“I don’t know how to not be hard on my­self,” he says re­signedly. “Catch­ing your­self in the mo­ment, learn­ing to bal­ance when to step in and when to let go, is one of the tough­est things to do.”

To that ex­tent, his mu­sic video in ‘ Wel­come Home’ is a meta­phys­i­cal study into that. You get a peek into the sup­posed be­hind-the-scenes of the mu­sic video with an ex­ag­ger­ated ren­der­ing of Lim’s mi­cro-man­ag­ing. It opens with a cut­away in­ter­view with the di­rec­tor, who is vis­i­bly trau­ma­tised

from the in­volve­ment with a prob­lem­atic mu­si­cian. The drama un­folds into the jock­ey­ing of con­cepts be­tween the two; where the di­rec­tor pro­poses for him to take the con­ven­tional, al­beit sappy route, but MV Lim in­sists that he “just wants to dance bro”. “So do you want to dance?” I in­quire for the masses. It’s a no from Lim. In fact, he goes on to share about the feed­back he re­ceived from peo­ple who have wel­comed and ap­plauded it as a se­ri­ous change of style di­rec­tion… which com­pletely misses the point. Smil­ing, he con­veys that the ini­tial con­cept from the real mu­sic video di­rec­tor Jonathan Choo be­gan on a more ab­stract level, per­haps pitched as such to avoid of­fend­ing the real mu­si­cian Lim. But of course, Re­al­ity Lim is noth­ing like MV Lim.

“Dude, we should just go for it and take a com­plete piss out of ev­ery­thing,” he quotes him­self. “Not just about pop cul­ture but also my­self, what I’ve been do­ing, what peo­ple think of me—or at least what I think peo­ple think of me—then it just spi­ralled out of con­trol very quickly.”

Both a re­sult of the trust Lim had in his team, and them col­lec­tively en­joy­ing the process, the spi­ral got to the point where every­one had to step back and won­der if any­body, apart from them­selves, could dis­cern the in­tent they were go­ing for. A gru­elling shoot­ing and edit­ing process nonethe­less, but one he feels he had the most fun with.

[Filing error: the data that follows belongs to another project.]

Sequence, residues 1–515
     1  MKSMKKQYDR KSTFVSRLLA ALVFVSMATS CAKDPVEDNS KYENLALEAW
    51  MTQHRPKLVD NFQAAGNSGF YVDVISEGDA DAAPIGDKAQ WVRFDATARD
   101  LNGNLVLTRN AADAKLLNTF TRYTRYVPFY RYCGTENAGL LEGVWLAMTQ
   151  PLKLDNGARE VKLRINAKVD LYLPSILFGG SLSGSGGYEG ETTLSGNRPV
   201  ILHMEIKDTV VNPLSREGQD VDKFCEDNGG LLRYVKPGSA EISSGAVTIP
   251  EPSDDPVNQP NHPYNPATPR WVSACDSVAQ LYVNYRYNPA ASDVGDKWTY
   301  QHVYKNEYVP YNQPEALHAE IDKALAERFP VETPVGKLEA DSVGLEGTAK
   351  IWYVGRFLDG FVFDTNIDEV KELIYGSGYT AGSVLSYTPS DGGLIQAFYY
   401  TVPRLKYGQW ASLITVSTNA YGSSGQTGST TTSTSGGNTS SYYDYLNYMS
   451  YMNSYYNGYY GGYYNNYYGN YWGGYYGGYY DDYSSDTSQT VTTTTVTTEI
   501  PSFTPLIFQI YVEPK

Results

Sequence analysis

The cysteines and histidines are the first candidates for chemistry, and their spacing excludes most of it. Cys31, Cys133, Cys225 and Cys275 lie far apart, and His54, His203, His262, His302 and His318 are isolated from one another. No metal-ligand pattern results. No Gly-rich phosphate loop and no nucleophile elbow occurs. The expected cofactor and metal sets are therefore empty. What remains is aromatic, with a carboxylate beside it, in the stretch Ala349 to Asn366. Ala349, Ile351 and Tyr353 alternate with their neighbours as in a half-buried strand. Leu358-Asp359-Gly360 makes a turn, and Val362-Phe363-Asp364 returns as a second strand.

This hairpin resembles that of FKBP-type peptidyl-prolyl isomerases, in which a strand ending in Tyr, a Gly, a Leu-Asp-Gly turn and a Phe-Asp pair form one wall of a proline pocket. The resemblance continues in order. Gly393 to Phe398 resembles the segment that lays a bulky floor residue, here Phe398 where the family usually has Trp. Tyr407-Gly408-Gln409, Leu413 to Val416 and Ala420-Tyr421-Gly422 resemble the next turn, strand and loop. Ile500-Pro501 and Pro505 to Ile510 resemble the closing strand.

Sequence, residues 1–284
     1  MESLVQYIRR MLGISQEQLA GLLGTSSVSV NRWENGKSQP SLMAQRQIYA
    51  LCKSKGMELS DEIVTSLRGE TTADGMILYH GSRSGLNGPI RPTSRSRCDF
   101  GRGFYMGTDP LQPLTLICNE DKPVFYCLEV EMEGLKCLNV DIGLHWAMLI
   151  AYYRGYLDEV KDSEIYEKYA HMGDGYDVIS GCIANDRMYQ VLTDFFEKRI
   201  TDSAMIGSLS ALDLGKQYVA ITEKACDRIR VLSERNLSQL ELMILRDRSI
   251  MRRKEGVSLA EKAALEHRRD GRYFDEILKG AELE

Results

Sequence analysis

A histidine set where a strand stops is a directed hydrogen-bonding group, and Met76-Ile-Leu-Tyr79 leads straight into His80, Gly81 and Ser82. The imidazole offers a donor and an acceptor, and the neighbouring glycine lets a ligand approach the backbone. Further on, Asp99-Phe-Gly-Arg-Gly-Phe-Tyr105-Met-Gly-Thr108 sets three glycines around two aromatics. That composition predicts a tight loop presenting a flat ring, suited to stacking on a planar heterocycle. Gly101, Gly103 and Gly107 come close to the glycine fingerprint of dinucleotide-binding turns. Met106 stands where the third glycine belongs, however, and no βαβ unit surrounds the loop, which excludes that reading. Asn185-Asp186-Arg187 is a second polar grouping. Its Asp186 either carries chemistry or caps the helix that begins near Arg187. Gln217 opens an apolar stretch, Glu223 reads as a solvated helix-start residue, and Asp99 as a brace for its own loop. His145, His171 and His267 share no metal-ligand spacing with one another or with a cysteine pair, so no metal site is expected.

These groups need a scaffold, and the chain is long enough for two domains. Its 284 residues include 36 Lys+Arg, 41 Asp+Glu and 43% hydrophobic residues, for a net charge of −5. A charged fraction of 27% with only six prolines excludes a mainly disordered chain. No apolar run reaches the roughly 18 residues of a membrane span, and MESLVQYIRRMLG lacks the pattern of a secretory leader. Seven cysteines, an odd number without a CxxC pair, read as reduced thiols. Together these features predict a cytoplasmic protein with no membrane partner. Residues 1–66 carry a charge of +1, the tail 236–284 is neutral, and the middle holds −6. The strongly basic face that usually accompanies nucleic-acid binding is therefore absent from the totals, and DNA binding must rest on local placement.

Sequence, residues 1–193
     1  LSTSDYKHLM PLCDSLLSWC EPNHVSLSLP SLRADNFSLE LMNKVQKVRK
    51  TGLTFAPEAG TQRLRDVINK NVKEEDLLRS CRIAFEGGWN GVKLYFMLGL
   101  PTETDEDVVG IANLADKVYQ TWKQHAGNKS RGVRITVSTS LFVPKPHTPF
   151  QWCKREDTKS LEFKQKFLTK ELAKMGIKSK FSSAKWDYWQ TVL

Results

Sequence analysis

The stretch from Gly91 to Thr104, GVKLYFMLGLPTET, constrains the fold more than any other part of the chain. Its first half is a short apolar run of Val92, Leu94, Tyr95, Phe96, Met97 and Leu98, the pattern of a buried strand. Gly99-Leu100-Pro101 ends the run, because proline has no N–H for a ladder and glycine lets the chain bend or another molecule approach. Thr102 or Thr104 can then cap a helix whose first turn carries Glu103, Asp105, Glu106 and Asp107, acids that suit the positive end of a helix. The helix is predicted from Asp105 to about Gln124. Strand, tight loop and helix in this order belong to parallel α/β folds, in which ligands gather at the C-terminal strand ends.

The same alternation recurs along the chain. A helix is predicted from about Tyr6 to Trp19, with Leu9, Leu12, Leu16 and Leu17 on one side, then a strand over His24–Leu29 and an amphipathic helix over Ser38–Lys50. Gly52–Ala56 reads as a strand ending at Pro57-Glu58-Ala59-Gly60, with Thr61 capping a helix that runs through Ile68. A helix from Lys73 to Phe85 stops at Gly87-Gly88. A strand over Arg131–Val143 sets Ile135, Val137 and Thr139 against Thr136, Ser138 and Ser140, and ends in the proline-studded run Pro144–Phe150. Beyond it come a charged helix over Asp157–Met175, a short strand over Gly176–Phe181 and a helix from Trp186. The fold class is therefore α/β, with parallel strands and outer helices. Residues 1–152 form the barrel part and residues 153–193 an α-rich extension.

“How do I por­tray my­self in the worst pos­si­ble way?” It wasn’t about show­ing a dif­fer­ent side of him­self to counter the ‘sad boy’ im­age that he car­ried, but an ex­pres­sion of the be­lief that hu­man be­ings are com­plex and that no one is truly one-di­men­sional. From there springs forth the hi­lar­i­ous, bril­liant twist we see in ‘Wel­come Home’. Even the Chi­nese sub­ti­tles are loosely trans­lated on pur­pose; di­rectly in­ferred and de­void of proper gram­mat­i­cal struc­ture. The high­light be­ing the word ‘meme’ in Man­darin.

What MV Lim yells be­fore get­ting into a phys­i­cal brawl with the di­rec­tor is prob­a­bly an au­then­tic opin­ion of Re­al­ity Lim. Memes are cool to him. Apart from the nec­es­sary brand pro­mo­tion, Lim’s Twit­ter page is a com­pound of so­cial com­men­tary, sup­port for the lo­cal mu­sic in­dus­try and highly re­lat­able meme con­tent. He clearly takes plea­sure in be­ing the sub­ject of meme cul­ture as well, re­post­ing them on his so­cial me­dia ac­counts.

“I have peo­ple tag­ging me on these ran­dom things I never thought would be tagged in be­cause the song is called ‘Wel­come Home’; like floor mats, or when they come back to Changi Air­port. To me, I know the song is play­ing in their head when they see that.”